It is not disputed that rice is one of the foodgrains specified in Schedule 1 of the said order. The definition of dealer in Clause (2) makes it clear that a person must be engaged in the business of purchase or sale or storage for sale of the specified foodgrains in excess of the prescribed quantities, before he could be called a 'dealer' for purposes of this order. The licensed has been prosecuted for having purchased and transported more than 50 maunds of rice in a single calendar day. Mere purchase, of more than 50 maunds of rice will not necessarily make him a dealer within the meaning of Clause 2 of the said Order. It must further be shown that the said purchase was being done in course of a regular business. In other words, the element of business must be present in the transaction. A single or solitary transaction of purchase or sale will not make a person a dealer. Some element of repetition or continuity must be there to make it a case of regular business. The prosecution must lend some evidence to justify a conclusion that the accused was in fact carrying on business in rice. In his 342 statement the accused has stated his occupation to be 'business'. The learned courts below thought that that statement of the accused was sufficient to make out a case that he was carrying on business of rice so as to be a 'dealer' within the definition of Clause (2) of the order. The accused has nowhere admitted that he was carrying on regular business in rice. Undoubtedly under Clause 3(2) a statutory presumption can be drawn against a person who stores any foodgrains in excess of the prescribed quantity of 200 maunds that such storage was for sale unless the contrary is proved. In the present case the accused has been prosecuted for having purchased and transported more than 50 maunds of rice on a single calendar day and not for being in possession for sale of the quantities of rice of 200 maunds or more contemplated under Clause 3 of the Order. Therefore the presumption available under Clause 3(2) of the Order will not be available as no such presumption can arise in such a case. The accused has been prosecuted for not having a licence under Clause 3(1) of the Order. For the purpose of Sub-clause (1) of Clause (3) the prosecution has to prove that the person was carrying on business as a 'dealer in food-grains without necessary licence. In this case the prosecution has not proved by any evidence that the petitioner was running business as a dealer in foodgrains so as to be hit by Sub-clause (1) of Clause (3).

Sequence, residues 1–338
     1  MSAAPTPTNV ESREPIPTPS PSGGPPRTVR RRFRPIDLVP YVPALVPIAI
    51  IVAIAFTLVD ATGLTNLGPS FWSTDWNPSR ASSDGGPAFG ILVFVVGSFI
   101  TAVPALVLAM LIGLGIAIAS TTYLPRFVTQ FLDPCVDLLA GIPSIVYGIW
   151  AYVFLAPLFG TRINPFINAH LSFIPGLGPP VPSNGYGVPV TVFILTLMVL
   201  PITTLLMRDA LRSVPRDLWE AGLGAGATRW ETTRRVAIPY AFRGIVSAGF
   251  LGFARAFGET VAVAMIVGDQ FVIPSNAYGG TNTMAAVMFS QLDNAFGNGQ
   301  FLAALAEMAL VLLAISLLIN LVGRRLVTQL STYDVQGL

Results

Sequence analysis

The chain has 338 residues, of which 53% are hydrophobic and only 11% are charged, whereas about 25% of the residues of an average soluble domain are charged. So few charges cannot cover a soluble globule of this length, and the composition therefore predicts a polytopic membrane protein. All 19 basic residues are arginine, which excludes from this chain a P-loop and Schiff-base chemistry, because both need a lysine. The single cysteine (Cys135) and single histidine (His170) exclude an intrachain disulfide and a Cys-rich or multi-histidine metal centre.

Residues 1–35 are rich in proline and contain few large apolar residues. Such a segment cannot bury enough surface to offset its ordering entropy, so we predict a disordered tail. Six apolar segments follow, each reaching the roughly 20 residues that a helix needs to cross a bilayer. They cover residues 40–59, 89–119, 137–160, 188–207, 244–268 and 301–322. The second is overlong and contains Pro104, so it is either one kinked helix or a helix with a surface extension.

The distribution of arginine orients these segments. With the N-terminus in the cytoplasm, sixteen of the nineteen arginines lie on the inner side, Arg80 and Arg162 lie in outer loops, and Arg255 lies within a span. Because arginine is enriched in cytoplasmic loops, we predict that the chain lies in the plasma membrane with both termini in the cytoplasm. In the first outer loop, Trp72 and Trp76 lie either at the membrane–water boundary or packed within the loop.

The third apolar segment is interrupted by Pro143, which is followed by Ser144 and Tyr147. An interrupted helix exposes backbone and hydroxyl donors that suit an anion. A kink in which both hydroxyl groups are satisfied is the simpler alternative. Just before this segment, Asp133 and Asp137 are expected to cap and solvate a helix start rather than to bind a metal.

Moreover this case is clearly governed by a decision of the Supreme Court reported in Manipur Administration v. M. Nilo Chandra Singh, AIR 1964 SC 1533. There the accused was found storing 179 maunds of paddy in his godown without any licence in violation of Clause 3 of Manipur Foodgrains Dealers Licensing Order, 1958. The provisions of Clause 3(i) and (ii) of Orissa Order are almost identical with Clause 3(1) and (2) of Manipur Foodgrains Dealers Licensing Order. The definition of 'dealer' in both the orders is the same. In that case their Lordships held that the statutory presumption raised by Clause 3(2) is a rebuttable presumption and only amounts to this and nothing more, that the stock found with a given individual of 100 or more maunds of the specified foodgrains had been stored by him for the purpose of sale. Having reached this conclusion on the strength of presumption, the prosecution will still have to show that the store of the foodgrains for the purpose of sale thus presumed was made by him for the purpose of carrying on the business of store (sale?) of the said foodgrains. The clement of business which is essential to attract the provisions of Clause 3(1) is thus not covered by the presumption raised under Clause 3(2). That part of the case would still have to be, proved by the prosecution by other independent evidence. If may be that this part of the case can be proved by the prosecution by showing that store of 100 mds. or more of the foodgrains was found with the said person more than once. How many times it should be necessary to prove the discovery of such store with the said person is a matter which their Lordships did not decide in that case. But their Lordships further observed that all that is necessary to be said in connection with the presumption under Clause 3(2) in that case is that after the presumption is raised under it, some evidence must be led which would justify the conclusion that the store which was made for the purpose of sale was made by the person for the purpose of carrying on the business. Their Lordships were of the opinion that Clause 3(2) may have been deliberately worded so as to raise the presumption in order to exclude the cases of cultivators who may on occasions be in possession of more than the permissible limits of foodgrains.

7. As we have already seen the petitioner in this case was in possession of less than the prohibited quantify of rice prescribed in Clause 3(2) and the prosecution has also not proved that the petitioner was carrying on business as a dealer of specified foodgrains so as to attract Clause 3(1) of the Order. It is clear from the decision of the Supreme Court that Clause 3(2) by itself would not sustain the prosecution case that the petitioner is a dealer within the meaning of Clause 3(1). Assuming that a presumption under Clause 3(2) could be drawn against the petitioner that the stock found in his possession was for the purpose of carrying on business as dealer, the accused has given some evidence by way of rebuttal of that presumption. In the absence of any material placed by the prosecution the said presumption which is rebuttable one may be taken to have been sufficiently rebutted by such evidence.

In the result, the conviction andsentence of the petitioner must be set asideand the revision allowed. The bags of riceclaimed by the petitioner may be returned tohim.